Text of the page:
The journalism boom in the nineteenth century facilitated not only development of a new literary genre, the short story, but also its exchange among various cultures. Magazine editors in different countries were searching for new interesting short stories to translate and publish. In most cases, these translations were carried out in a very short time. As a result, the renditions were not exact and the quality was not particularly high, but they still provided an opportunity for readers to become aware of the lifestyles and literary modes of other nations. This article examines one such American short story – George Parsons Lathrop’s “Left Out” – and the consecutive chain of its translations (French, Russian and Georgian), each of which was based on the previous rendition in the chain. We will provide a short survey of how we established the date of composition of the various versions, and describe how the original American text and its French translation were found. That translation served as the basis for the Russian intermediate text, which in turn served as the basis for the Georgian version. We will conclude with an analysis of the entire series of variants.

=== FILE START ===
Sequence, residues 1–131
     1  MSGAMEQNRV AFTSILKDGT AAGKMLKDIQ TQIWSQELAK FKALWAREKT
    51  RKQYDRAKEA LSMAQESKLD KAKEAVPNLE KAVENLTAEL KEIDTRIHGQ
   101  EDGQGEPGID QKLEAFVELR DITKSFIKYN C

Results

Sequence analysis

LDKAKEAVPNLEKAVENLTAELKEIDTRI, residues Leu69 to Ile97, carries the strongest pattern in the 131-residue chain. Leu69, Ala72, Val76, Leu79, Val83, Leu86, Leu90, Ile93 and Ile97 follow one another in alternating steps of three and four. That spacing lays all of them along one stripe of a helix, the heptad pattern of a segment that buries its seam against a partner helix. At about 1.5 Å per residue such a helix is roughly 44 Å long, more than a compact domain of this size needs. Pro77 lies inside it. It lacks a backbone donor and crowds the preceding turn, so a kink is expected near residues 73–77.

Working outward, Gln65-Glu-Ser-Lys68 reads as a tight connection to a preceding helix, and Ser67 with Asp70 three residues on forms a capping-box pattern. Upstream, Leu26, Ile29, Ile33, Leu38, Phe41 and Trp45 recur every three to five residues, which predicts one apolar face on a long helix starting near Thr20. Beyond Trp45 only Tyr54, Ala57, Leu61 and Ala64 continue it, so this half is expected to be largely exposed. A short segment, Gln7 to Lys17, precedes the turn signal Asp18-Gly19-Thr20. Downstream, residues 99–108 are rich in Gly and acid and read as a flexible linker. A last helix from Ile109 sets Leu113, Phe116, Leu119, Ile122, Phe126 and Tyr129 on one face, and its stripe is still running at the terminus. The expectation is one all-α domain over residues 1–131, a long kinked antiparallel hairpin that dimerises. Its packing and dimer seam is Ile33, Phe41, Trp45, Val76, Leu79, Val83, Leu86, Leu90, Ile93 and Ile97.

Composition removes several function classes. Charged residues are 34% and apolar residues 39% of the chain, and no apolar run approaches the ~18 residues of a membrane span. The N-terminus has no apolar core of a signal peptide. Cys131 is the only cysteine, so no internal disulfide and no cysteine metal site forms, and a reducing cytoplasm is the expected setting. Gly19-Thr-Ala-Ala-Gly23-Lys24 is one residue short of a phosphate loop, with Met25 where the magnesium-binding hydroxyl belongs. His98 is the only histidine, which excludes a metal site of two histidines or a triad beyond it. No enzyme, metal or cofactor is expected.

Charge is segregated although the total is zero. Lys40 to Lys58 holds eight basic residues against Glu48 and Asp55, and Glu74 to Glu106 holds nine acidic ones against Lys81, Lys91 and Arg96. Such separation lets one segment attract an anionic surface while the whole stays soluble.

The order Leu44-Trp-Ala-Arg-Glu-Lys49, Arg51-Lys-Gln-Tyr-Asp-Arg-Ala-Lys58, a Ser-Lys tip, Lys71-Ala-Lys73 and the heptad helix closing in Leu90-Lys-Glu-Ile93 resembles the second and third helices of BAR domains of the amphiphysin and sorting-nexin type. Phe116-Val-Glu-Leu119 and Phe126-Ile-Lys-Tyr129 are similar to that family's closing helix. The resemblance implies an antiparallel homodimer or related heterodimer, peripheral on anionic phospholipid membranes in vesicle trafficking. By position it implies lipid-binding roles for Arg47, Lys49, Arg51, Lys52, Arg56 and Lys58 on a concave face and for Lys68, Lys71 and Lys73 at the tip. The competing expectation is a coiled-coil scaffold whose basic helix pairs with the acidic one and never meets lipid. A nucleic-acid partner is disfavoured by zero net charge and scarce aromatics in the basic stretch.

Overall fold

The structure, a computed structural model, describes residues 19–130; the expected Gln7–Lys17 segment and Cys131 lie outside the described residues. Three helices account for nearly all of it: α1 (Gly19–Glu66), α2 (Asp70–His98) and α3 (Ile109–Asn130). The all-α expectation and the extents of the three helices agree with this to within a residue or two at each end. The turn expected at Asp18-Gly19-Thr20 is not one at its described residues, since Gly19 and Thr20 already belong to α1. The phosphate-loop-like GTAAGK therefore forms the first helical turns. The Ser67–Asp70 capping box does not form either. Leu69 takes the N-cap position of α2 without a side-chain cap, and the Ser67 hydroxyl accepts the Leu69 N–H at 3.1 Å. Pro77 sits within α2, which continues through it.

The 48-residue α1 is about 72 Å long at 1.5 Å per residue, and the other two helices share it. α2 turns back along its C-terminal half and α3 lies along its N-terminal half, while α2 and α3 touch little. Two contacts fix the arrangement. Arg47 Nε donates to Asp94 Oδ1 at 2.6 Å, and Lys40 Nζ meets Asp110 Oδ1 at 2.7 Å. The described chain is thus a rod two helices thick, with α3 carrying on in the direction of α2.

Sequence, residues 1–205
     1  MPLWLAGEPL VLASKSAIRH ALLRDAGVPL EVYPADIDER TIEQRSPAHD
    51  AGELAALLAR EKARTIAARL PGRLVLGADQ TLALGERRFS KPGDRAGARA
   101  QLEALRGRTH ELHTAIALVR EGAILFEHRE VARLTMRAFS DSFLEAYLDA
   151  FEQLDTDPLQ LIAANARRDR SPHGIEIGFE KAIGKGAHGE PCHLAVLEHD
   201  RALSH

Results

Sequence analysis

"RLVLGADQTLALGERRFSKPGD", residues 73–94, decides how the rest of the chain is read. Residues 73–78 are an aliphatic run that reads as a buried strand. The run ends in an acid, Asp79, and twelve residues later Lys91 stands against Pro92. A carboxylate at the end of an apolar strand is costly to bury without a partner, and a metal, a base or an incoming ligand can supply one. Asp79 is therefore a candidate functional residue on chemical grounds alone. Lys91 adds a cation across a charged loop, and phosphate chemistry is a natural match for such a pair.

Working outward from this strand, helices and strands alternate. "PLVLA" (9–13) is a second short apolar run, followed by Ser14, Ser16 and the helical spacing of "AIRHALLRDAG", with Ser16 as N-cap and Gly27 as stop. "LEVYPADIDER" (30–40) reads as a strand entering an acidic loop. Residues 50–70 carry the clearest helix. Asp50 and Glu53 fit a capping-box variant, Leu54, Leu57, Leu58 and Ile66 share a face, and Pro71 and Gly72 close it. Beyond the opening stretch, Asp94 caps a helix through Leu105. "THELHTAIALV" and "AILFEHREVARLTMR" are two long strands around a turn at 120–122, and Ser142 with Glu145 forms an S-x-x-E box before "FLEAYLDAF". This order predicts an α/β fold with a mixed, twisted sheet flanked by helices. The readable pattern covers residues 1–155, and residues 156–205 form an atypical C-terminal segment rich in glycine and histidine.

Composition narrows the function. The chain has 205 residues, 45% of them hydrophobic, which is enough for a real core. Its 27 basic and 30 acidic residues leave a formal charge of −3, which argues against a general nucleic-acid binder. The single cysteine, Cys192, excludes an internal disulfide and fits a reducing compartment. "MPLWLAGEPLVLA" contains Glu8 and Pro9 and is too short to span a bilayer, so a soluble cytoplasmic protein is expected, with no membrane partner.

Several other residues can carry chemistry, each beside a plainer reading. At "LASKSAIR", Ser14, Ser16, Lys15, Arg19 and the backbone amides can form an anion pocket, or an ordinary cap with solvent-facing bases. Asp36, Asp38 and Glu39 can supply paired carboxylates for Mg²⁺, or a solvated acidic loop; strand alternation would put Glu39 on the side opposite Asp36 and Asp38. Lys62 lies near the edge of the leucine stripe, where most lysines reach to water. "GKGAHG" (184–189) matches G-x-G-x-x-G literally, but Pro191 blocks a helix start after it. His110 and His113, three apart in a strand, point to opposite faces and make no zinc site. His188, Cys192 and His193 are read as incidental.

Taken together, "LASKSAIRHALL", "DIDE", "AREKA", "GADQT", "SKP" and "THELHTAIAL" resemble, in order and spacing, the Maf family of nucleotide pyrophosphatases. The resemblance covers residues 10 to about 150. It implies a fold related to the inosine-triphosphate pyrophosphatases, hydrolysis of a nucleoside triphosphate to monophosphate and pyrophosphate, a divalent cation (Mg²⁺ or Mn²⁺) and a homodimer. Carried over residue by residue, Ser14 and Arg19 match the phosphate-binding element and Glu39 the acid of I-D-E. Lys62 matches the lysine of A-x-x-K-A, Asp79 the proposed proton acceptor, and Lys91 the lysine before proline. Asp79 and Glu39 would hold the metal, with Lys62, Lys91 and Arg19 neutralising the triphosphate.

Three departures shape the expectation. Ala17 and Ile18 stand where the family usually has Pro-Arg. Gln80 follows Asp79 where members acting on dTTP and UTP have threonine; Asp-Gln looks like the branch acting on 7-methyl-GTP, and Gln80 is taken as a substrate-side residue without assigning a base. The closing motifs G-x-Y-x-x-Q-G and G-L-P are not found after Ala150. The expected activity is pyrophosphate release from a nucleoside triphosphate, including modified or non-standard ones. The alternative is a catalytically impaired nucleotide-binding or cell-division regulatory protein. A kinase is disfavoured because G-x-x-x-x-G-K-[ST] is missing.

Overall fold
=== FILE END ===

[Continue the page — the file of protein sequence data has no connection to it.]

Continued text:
Nino Sozashvili, Telavi State University, Georgia
Maia Ninidze, Shota Rustaveli Institute of Georgian Literature, Georgia
Stream: Humanities - Literature/Literary Studies*
This paper is part of the ECAH2014 Conference Proceedings (View)
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